India’s move toward capping the price on coronary stents reportedly has medical device makers rethinking their strategies there and even shelving new product rollouts.
“With price controls, margins of all players including manufacturers will be impacted. Global stent makers may scale back introducing their top-of-the-line brands and launch value products instead,” Rana Mehta, healthcare leader at PwC India, told the Economic Times.
Indian regulators in September 2014 floated the idea of price control measures on stents, catheters and implants in response to allegations of price gouging and bribery. India mulled imposing a maximum retail price cap on “essential” medical products, overseen by its National Pharmaceutical Pricing Authority. The proposal was spurred by allegations that some of medtech’s biggest players turned a blind eye to unethical behavior by their Indian distributors.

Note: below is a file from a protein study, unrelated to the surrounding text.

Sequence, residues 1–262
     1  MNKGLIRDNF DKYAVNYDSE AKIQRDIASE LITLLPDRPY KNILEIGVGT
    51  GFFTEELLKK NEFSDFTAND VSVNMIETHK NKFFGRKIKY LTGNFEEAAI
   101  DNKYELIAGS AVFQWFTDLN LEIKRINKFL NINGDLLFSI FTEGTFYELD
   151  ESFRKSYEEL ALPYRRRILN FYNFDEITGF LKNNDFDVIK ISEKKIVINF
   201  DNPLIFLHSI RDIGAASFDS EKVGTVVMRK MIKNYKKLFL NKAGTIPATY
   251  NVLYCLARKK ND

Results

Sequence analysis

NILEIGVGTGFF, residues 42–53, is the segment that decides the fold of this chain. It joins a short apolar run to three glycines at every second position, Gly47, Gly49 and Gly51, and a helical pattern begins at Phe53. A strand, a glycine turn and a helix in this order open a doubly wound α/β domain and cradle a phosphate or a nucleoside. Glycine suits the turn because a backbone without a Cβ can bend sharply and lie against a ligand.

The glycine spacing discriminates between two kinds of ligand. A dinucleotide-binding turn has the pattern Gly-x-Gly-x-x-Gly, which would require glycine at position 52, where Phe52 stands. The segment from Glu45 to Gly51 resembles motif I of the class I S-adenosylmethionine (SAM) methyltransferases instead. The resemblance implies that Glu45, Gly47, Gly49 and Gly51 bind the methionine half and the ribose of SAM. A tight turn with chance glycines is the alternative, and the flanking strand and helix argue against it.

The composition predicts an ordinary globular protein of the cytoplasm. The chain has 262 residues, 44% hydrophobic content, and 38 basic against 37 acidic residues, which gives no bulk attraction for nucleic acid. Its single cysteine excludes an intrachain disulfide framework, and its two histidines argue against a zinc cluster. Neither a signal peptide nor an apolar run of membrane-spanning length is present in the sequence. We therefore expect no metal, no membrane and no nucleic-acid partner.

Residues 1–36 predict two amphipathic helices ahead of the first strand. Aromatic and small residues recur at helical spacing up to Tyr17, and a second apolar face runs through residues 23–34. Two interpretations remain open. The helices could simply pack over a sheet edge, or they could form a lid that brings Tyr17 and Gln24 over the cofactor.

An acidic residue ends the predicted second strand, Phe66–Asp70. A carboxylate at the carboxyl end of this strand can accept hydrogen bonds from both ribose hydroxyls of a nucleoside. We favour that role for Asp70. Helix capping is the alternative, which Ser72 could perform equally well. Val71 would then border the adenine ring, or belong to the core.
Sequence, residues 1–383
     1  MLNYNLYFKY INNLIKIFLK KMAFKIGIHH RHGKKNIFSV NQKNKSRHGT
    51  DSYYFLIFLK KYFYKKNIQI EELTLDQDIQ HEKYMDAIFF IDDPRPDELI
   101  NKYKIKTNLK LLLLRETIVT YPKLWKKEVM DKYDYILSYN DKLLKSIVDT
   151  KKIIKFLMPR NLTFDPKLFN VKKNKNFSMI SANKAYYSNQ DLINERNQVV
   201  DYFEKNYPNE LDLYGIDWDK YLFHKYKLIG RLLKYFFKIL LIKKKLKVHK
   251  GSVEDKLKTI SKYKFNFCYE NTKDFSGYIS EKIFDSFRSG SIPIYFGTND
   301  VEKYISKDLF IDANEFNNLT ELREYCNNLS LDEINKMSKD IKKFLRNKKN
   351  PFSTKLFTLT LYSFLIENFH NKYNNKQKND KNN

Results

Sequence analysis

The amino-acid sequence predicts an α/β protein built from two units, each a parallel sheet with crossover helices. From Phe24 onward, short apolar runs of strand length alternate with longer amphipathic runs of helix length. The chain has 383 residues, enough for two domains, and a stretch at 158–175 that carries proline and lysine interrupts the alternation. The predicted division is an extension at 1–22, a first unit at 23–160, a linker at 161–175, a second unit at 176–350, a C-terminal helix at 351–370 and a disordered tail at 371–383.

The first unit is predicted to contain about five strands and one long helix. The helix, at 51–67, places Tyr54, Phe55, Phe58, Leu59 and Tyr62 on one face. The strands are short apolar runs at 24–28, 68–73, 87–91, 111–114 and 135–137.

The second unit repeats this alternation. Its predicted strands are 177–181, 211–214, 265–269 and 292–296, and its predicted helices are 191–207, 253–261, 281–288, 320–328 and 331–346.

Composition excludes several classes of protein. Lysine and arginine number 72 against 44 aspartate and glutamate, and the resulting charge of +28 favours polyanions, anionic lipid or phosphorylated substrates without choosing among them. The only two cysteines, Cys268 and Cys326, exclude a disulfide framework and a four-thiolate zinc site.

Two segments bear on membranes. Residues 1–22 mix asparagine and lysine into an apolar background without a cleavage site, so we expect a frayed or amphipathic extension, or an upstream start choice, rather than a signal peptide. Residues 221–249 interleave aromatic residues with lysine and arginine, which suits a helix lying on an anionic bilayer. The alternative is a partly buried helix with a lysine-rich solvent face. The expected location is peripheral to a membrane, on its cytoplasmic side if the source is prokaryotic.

Bare-metal, drug-eluting and bio-resorbable stents were added to the pricing authority’s essential products list this week, setting the stage for fixed-ceiling prices for stents. Abbott (NYSE:ABT) and Medtronic (NYSE:MDT) together have a 60% share of the roughly $224 million (Rs 15 billion) Indian coronary stent market, according to the newspaper.
Himanshu Baid, chairman of CII Medical Technology Division, told the paper that the move contradicts India’s push to regulate medical devices separately from drugs and cosmetics.
“The industry is not saying that medical device prices shouldn’t be regulated, but the government should not use the same yardstick as drugs to regulate them. Companies are concerned that if they bring out new orthopaedic implants and other medical devices previously notified as drugs, their device can also be brought under price control,” Baid said.
(1 INR = $0.0149031)